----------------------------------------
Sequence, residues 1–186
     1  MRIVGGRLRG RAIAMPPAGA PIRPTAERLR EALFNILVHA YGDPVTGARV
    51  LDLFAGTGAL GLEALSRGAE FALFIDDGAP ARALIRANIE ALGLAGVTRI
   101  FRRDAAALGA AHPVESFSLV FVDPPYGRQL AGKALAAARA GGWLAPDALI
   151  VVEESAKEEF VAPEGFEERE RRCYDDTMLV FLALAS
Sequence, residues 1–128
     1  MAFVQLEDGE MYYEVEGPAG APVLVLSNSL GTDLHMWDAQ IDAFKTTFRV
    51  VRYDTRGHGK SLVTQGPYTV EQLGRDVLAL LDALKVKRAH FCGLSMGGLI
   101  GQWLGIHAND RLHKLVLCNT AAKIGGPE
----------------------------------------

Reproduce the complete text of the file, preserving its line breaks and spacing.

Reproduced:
Sequence, residues 1–186
     1  MRIVGGRLRG RAIAMPPAGA PIRPTAERLR EALFNILVHA YGDPVTGARV
    51  LDLFAGTGAL GLEALSRGAE FALFIDDGAP ARALIRANIE ALGLAGVTRI
   101  FRRDAAALGA AHPVESFSLV FVDPPYGRQL AGKALAAARA GGWLAPDALI
   151  VVEESAKEEF VAPEGFEERE RRCYDDTMLV FLALAS
Sequence, residues 1–128
     1  MAFVQLEDGE MYYEVEGPAG APVLVLSNSL GTDLHMWDAQ IDAFKTTFRV
    51  VRYDTRGHGK SLVTQGPYTV EQLGRDVLAL LDALKVKRAH FCGLSMGGLI
   101  GQWLGIHAND RLHKLVLCNT AAKIGGPE